Where the affirmation design of industry standards seeks to expand through increasingly deep exploration of shallow mechanics, Critical gameplay seeks to expand through the shallow exploration of deeper mechanics.  It is not a matter of improving the way we shoot or jump, but instead asking if there are more meaningful actions that we can afford players.  Perhaps it is the opportunity to undo our biggest mistakes as in Healer, or to help us understand that in life, there really is but, One Chance.     

Instead of imparting values or delivering allegory, these games impart new ideas through their game verbs or rules. Sometimes they comically remind us that walking on a sword is dangerous, instead of a mechanic for collection. Others are serious, costing us the contents of our Hard Drive (Lose/Lose), or leaving us with the guilt of all the virtual people we’ve killed (Bang!). 

These games reflect an art practice that is both intellectual and visceral.  It serves as an experiment, eliciting player response and seeking to understand why these alternative ways to play had not been demonstrated previously. Each of the games pursues a single hypothesis with resolved specificity. The games ask questions about player values, gameplay heuristics and how we find entertainment.  It recognizes the democracy of play, understanding that people not only like to play differently, but that they playing differently expand the potential of games as expressive entertainment.

Big Games and Hipsters: Cool Capital in Pervasive Gaming Festivals

by Dan Dixon

In recent years game designers have been experimenting with blending technology and the real world. These experiments sometimes go by the name of pervasive games, are sometimes called mixed-, augmented- or alternate-reality games and sometimes simply big games. One aspect that links them is that they spill out of specific mediums and particular technologies, into the physical world and back again, blurring boundaries and challenging expectations.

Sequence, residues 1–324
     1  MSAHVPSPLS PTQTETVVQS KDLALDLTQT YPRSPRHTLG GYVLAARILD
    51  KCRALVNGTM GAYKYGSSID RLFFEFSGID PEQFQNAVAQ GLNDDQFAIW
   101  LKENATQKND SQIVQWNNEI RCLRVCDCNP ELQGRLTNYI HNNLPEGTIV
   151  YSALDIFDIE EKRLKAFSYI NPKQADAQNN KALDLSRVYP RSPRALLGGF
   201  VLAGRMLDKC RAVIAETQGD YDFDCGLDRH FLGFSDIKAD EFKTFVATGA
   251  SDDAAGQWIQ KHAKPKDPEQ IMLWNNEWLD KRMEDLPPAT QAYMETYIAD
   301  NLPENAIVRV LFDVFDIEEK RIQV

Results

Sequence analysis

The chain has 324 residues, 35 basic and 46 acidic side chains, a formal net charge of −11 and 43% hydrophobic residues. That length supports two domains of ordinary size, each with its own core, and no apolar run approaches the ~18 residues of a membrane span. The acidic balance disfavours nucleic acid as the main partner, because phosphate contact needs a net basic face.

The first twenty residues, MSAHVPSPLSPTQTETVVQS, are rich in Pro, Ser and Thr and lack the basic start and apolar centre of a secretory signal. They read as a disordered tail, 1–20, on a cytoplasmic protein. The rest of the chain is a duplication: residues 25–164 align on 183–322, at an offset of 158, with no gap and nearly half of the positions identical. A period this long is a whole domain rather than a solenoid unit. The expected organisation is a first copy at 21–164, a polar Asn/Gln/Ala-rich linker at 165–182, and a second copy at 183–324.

There has been research that addresses the games, but very little on the players and designers. Who are these people? Why do they create and play these games? This talk takes a social and cultural perspective on the formation of these groups and the festivals where these games are played. These findings are based on ethnographic field work carried out, in 2010, at Come Out and Play, Hide and Seek and Igfest; the three largest, and longest running, pervasive, street and urban game festivals.

Bourdieu’s concept of habitus is used to discuss cultures of taste and why these games appeal to certain people and not others; that aesthetics are determined by social groupings and and those groups reinforced by shared aesthetic preferences. 

Pervasive and big gamers will be compared and contrasted with the now infamous subcultural group known as Hipsters, showing that although they are quite different people there are many functional similarities. Artists, designers and taste-makers from both groups have similar backgrounds and social roles and are engaged in creating cultural capital and constructing markets in cool. Specific attention is given to the emergent aesthetics that are shared between these two groups. These being a tendency towards historic referencing, intertextuality and lo-fi, appropriative design strategies.

The emergence of these groups helps us come to terms with the real world,  situated practice of these games, rather than the traditionally technologically determined rhetoric that surrounds them.

Art-game Traditions in the Modification of Chess

by Laetitia Jennifer Wilson

Over the past two decades the appropriation, modification and subversion of digital games has developed as an ongoing practice amongst artists. This has been discussed by a number of theorists but less attention has been given to historical precedents auguring this trend. Through the example of the game of chess, this paper discusses some of the key elements of association that have defined the interrelation of art and games from the early days of the twentieth century through to our contemporary era. The game form, whether digital or non-digital, will be considered a medium whose tool value is intricately interconnected with game mechanics. Specific examples will be discussed with attention to how they mark ruptures with tradition in game design and demonstrate a critical play impulse that is shared by artists of yesterday and today.